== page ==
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Should Weird Kids be Pitied or Celebrated?

healthy kids, parents and children

In defense of weird kids

If you’re worried that your kids are weird — and having weird kids is NOT the goal — an essay today on Babble’s main site should reassure you that (1) your kid probably isn’t weird and (2) even so, he’ll be just fine.

Aeriel Brown, who performed in her family’s traveling circus as a kid, does a lot of reassuring to her friends, who often wonder aloud whether they’re kids are too weird. What they’re really saying, Brown writes in “The Weird Kids are Alright,” is that they fear they’re bad parents. Of course they’re not, she says. As for the weirdness? The more the better, she thinks.

Brown’s early life was spent on the road — an infant busker and, eventually, traveling around in a VW bus, juggling and riding unicycles at fairs and festivals. Her brother and sister were also part of the family’s act, as well as their parents. The brother wore a leash, the sister retreated into serious role play. They made a living. They were known in their small town as the weird family.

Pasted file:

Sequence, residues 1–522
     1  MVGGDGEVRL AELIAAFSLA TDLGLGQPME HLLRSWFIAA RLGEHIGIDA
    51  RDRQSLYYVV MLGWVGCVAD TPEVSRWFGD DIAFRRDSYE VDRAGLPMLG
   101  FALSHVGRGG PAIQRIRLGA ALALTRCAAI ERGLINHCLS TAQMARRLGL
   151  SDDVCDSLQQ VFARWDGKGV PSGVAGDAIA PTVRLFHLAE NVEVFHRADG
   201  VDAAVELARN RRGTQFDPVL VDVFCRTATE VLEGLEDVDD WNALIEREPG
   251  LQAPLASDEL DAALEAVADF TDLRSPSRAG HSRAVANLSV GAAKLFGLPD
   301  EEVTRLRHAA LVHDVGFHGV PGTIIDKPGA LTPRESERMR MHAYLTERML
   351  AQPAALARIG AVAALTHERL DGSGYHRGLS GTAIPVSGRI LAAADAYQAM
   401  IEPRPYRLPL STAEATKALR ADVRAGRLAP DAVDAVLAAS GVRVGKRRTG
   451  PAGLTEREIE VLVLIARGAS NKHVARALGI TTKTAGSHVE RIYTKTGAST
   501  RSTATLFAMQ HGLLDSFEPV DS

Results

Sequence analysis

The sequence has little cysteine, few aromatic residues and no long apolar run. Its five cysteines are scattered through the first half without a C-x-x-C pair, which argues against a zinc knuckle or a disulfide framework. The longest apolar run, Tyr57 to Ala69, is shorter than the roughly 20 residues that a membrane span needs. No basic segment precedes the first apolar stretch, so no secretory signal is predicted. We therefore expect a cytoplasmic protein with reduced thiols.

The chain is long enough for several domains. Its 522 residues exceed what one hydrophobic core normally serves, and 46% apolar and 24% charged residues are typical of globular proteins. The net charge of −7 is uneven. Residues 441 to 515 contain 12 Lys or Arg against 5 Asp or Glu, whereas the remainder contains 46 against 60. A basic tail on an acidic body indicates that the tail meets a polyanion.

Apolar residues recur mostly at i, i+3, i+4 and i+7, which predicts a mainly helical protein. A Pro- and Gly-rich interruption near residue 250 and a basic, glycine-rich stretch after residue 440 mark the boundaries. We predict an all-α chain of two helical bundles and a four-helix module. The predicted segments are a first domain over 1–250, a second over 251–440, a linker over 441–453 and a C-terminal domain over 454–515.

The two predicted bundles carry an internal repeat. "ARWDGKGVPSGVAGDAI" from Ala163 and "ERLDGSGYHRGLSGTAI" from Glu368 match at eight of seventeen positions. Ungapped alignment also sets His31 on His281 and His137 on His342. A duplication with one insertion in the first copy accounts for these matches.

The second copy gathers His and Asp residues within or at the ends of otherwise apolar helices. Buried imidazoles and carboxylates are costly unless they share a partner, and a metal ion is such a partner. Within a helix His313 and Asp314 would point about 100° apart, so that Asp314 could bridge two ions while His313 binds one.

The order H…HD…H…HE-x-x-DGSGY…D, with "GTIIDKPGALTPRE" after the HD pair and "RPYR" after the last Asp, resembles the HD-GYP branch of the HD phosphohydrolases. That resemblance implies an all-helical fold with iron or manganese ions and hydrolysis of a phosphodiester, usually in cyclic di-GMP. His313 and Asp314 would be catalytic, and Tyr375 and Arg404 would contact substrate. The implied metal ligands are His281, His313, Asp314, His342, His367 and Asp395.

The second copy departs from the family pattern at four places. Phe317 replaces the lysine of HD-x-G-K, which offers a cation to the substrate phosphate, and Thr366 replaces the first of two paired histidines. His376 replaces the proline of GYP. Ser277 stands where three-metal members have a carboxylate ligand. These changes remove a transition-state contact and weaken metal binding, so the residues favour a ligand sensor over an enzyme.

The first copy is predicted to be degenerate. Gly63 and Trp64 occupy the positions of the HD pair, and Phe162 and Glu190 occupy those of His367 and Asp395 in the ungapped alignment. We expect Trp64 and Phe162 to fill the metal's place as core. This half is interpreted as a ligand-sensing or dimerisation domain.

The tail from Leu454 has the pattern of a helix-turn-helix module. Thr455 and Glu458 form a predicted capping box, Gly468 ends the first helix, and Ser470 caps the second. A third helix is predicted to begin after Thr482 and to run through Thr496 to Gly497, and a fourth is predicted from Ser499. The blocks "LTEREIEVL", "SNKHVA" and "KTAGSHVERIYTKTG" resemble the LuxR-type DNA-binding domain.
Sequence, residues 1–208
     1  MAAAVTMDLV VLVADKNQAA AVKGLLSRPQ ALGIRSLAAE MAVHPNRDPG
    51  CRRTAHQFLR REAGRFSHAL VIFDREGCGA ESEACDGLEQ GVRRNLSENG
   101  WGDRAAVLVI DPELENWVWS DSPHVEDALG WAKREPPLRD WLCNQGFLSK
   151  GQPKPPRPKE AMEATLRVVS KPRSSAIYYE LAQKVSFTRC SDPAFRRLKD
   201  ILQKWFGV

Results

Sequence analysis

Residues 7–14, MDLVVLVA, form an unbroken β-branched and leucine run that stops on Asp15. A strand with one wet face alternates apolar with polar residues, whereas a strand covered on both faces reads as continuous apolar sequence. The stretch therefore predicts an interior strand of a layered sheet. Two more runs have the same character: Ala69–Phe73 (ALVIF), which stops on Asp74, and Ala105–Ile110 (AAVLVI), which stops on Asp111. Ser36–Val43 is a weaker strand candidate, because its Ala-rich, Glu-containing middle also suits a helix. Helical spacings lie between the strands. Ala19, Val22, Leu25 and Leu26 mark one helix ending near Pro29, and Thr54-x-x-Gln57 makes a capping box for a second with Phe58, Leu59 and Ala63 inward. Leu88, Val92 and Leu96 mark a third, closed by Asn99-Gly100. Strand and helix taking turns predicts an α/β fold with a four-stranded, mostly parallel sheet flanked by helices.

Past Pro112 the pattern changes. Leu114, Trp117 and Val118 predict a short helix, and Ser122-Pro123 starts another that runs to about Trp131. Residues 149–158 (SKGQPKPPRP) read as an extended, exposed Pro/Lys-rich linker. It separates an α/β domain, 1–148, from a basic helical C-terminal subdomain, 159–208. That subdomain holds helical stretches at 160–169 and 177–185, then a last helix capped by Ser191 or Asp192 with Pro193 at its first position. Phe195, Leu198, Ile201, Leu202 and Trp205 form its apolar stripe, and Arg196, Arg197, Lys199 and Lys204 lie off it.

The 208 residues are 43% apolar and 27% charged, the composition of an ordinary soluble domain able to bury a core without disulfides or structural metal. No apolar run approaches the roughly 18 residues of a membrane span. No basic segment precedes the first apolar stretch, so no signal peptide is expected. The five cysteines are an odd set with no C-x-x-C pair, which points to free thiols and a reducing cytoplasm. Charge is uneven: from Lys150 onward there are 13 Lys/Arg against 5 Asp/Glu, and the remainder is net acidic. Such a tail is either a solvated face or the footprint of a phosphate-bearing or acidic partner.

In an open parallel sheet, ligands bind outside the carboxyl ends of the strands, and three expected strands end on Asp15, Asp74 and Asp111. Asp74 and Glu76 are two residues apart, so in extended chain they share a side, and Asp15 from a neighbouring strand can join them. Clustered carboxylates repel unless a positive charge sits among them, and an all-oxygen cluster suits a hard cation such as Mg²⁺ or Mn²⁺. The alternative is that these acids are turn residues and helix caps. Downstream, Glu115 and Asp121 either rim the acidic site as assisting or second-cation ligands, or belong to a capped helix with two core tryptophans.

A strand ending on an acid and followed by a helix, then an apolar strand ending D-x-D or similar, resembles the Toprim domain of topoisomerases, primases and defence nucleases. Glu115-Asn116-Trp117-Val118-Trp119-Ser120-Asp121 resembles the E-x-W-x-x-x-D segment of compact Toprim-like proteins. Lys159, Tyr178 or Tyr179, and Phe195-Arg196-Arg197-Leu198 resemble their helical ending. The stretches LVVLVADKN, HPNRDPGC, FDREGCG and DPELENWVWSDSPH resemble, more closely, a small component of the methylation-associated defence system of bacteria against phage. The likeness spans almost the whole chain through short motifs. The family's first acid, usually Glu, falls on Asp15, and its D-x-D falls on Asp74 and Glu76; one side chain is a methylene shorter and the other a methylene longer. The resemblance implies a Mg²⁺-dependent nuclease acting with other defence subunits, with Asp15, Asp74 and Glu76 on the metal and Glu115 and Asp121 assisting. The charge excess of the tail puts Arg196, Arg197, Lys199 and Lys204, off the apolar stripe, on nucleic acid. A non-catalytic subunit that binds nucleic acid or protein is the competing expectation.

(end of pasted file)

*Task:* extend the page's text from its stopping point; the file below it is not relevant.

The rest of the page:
This is the part where I’m supposed to tell you about the kids’ struggles with drugs and alcohol, bad grades and an inability to fit in. And yet. That’s not a part of Brown’s story. They’re all fine. They’re even close to their parents!

Brown not only defends weirdness in a family, she encourages it. Creativity, flexibility — and plenty of fodder for idol chit-chat. How hard could it be to make new friends if you can promise to teach them to ride a bike with one wheel?

We focus so much on individuality in American culture — original names, one-of-a-kind outfits — why not embrace the weird? According to Brown, it couldn’t hurt.

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